Tips for Picking the Perfect Watermelon

Refreshing watermelon.By Susan Lutz

I have my own criteria for choosing watermelon, but this season I thought I'd consult a watermelon grower to see how my criteria stack up against an expert opinion. After talking to Sarah Nolan, CSA Coordinator of South Central Farmers' Cooperative, I've realized that I'm pretty much on target, with a few notable exceptions.

Choosing a watermelon

1. Don't buy a watermelon before summer is in full swing. Sarah recommends buying watermelon that was harvested "during summer's peak," because watermelons need heat and sun to grow well. "Peak" of course will vary from region to region. July 1 is my personal choice, mostly because I love having watermelon for Fourth of July even if it's not yet at the summit of perfection.

2. Buy watermelons that are as locally grown as possible. It's good to buy locally-grown produce for a variety of reasons. I think it's especially important for watermelon because buying locally increases the chances of getting an adequately vine-ripened melon.

3. Consider what you're willing to sacrifice for a seedless melon: Like most people, I like seedless watermelon because they're easier to eat. But given a choice, I'll buy a locally-grown watermelon with seeds before I buy a seedless variety that traveled a longer distance to get to me.

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4. Buy a large watermelon. Sarah suggests that bigger watermelons are not necessarily better and that "a good watermelon depends on variety, location it was grown, and time spent on the vine." But because watermelon is usually sold by the pound, I prefer a high flesh-to-rind ratio to make sure I get my money's worth.

5. Buy a melon that's heavy for its size. I like a melon that's sweet and juicy, so the heavier it is, the more likely it is to have a high water content.

6. Look for a "field spot." Watermelon often has a white or yellow patch on the bottom side called a field spot. It's a sign that the watermelon has been allowed to ripen on the vine. Sarah says it's not necessary for a melon to have a field spot to be good, but it's worth looking for.

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7. Thump the watermelon and listen for a deep echoing sound. According to Sarah, you want a watermelon that "sounds like a drum when you pat it with your hand. If it has a dull thud, that means it will likely be mealy and either too ripe or harvested too early."

8. Never buy a cut watermelon. Before I became a Master Food Preserver, I was somewhat more relaxed on this point. Now I steadfastly refuse to purchase a cut watermelon. If you don't wash the watermelon before you cut it, any bacteria that existed on the outside of the melon will be transferred to the flesh on the interior. Unless you were present when the melon was cut, you cannot know if proper food safety guidelines were followed. The melon also will go bad more quickly after it's cut.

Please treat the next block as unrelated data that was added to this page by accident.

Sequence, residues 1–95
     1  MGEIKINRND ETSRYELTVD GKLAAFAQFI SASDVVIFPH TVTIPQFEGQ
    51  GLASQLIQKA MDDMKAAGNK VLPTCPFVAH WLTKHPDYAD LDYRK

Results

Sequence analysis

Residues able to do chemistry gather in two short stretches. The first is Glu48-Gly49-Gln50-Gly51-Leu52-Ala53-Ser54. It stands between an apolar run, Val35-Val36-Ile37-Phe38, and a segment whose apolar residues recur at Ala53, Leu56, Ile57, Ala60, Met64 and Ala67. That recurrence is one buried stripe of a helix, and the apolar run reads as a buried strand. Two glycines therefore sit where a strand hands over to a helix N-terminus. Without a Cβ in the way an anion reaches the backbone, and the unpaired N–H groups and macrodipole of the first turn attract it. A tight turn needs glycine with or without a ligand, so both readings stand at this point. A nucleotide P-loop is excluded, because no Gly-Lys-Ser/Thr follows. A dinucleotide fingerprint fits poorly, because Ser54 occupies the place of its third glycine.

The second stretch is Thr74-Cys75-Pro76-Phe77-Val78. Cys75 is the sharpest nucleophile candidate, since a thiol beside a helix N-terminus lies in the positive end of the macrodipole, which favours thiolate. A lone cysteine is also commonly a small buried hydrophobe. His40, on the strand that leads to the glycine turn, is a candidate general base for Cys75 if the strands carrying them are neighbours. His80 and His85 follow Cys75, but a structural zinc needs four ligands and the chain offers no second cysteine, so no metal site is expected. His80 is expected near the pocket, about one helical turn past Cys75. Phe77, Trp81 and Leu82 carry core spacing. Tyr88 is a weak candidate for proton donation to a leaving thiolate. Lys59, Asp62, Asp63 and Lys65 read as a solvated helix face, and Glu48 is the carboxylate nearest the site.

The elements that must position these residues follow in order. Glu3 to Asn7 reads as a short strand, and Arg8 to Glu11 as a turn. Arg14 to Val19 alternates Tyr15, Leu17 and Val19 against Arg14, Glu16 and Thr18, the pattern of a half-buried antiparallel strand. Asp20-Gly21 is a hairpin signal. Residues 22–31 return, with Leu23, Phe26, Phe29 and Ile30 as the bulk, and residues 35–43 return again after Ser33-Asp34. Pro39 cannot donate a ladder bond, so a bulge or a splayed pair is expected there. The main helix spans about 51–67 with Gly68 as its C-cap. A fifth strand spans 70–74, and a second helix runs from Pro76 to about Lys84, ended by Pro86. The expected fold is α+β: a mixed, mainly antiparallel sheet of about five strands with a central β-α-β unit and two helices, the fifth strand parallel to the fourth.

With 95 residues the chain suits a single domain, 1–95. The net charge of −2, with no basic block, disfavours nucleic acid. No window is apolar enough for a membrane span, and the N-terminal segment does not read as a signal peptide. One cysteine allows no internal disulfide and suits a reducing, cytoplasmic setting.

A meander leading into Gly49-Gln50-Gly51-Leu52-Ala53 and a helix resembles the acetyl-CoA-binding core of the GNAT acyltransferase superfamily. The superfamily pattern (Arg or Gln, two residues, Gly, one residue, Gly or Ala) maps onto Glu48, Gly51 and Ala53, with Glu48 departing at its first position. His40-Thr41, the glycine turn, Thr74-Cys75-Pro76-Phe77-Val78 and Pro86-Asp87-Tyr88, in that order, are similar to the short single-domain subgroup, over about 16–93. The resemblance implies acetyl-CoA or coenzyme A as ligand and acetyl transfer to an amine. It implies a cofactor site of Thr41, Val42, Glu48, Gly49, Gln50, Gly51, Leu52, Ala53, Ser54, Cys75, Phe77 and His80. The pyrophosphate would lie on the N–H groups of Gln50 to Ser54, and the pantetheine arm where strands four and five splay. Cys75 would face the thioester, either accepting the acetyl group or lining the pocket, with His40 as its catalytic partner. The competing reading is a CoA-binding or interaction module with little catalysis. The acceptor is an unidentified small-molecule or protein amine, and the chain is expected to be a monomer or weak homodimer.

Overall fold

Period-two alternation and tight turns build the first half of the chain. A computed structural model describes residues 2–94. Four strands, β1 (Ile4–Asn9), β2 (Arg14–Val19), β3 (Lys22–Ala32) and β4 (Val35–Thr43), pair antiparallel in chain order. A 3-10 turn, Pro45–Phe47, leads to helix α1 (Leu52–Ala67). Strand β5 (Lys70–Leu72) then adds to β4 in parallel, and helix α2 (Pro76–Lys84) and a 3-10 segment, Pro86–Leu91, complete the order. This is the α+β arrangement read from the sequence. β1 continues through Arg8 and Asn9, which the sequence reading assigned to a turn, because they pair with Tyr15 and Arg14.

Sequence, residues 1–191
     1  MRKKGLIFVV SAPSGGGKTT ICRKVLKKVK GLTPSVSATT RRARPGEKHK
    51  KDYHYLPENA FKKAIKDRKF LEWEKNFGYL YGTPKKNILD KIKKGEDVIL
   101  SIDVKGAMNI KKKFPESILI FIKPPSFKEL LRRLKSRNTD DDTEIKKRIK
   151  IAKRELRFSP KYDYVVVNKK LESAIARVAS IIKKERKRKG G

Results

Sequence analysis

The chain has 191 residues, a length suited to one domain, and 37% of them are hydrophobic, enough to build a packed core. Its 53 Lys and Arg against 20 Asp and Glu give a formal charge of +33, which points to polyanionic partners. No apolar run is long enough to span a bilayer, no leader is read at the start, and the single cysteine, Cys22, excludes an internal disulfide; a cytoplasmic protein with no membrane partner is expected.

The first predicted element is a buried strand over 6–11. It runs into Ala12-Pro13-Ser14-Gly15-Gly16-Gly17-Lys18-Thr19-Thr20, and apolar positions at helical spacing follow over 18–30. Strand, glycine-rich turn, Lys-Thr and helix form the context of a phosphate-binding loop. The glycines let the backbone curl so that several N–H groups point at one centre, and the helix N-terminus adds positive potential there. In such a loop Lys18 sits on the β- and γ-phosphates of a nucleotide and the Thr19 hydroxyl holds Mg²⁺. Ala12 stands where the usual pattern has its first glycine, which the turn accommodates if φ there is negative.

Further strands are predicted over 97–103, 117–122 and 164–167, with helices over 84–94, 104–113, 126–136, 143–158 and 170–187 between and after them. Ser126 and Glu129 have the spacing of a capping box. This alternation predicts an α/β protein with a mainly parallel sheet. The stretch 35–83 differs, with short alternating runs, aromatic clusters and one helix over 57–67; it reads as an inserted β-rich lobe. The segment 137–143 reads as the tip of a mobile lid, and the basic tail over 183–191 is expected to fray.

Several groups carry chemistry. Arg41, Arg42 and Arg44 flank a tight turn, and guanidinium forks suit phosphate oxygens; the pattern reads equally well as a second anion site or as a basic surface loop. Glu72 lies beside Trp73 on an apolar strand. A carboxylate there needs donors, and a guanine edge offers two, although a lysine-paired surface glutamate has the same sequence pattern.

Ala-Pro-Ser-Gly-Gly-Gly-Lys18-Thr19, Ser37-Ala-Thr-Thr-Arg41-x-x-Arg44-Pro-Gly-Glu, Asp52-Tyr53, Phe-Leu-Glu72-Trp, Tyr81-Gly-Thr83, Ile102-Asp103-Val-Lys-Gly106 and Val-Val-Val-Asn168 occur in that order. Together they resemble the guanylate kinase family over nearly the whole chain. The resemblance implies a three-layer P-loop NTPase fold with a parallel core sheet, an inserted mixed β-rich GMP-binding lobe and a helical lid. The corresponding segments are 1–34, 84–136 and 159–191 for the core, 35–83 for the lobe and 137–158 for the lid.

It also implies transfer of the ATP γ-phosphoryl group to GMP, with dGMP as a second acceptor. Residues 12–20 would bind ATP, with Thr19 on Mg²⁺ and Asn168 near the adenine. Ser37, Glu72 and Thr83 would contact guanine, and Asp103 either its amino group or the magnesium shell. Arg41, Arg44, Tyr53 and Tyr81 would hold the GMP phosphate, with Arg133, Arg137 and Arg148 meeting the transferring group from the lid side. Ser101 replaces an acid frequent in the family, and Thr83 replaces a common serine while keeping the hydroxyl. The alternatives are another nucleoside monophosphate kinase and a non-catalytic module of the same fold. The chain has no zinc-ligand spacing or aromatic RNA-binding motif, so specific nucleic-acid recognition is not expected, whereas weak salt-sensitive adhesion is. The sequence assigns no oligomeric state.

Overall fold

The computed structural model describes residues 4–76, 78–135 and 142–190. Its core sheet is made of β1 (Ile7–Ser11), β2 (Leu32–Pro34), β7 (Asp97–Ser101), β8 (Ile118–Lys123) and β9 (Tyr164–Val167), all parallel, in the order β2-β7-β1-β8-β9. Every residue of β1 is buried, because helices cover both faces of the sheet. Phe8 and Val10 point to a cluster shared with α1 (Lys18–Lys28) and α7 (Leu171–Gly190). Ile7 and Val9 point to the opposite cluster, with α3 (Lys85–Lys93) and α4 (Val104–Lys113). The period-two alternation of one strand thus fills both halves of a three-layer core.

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Storing leftover watermelon

Unless you're having a large party, it's difficult to eat a watermelon in one sitting. I never refrigerate a watermelon before I cut it, but once it's cut I'll chop the amount I think I can eat within the next 24 hours into wedges and store them in a glass container in the refrigerator. I'll leave the rest of the melon uncut and cover the exposed flesh with aluminum foil before putting it in the fridge. I eat watermelon at every meal until it is gone.

A final note of caution

There's always risk associated with choosing the perfect watermelon. In spite of careful selection, sometimes you'll get a lousy watermelon. Remember that an occasional failure is part of the adventure - and the pleasure - of eating watermelon.

RELATED: Soak up more summer fruit flavor with homemade strawberry shortcake.

SIMPLE WATERMELON SALAD

Serves 2 to 3

Make this salad just before you're ready to serve it because the liquid from the watermelon will turn the goat cheese into a slimy mess if it sits around too long. You'll see that the ingredient quantities are small because I don't like to have leftovers, but the recipe doubles and triples well.

Ingredients

4 cups freshly cut watermelon - chopped into 1-inch cubes

2 tablespoons mint chiffonade (finely sliced), plus several extra whole leaves for garnish

⅓ cup fresh salted goat cheese

2 tablespoons apple cider vinegar

Directions

1. Place watermelon cubes into a medium sized bowl.

2. Add apple cider vinegar and mint chiffonade and stir gently to combine.

3. Top with crumbled goat cheese and a few whole mint leaves for garnish.

4. Serve immediately.

Note: Unless it's a really hot summer day, I like this salad best when the watermelon is at room temperature.

I make my own goat cheese, which is remarkably simple to do, but if you buy goat cheese make sure it is as fresh as possible and does not contain any additional herbs or spices besides salt.

I infuse my apple cider vinegar with blackberries, but plain apple cider vinegar is just fine. You can also substitute freshly squeezed lemon or lime juice for the apple cider vinegar, but I rarely find good citrus when watermelons are at their best so I don't often make that substitution. I do, however, make my own blackberry-infused vinegar.

Zester Daily contributor Susan Lutz is a photographer, artist and television producer. A native of Virginia's Shenandoah Valley, she currently lives in Los Angeles, where she is writing a book about heirloom foods and the American tradition of Sunday dinner. She also blogs about the subject at Eat Sunday Dinner.

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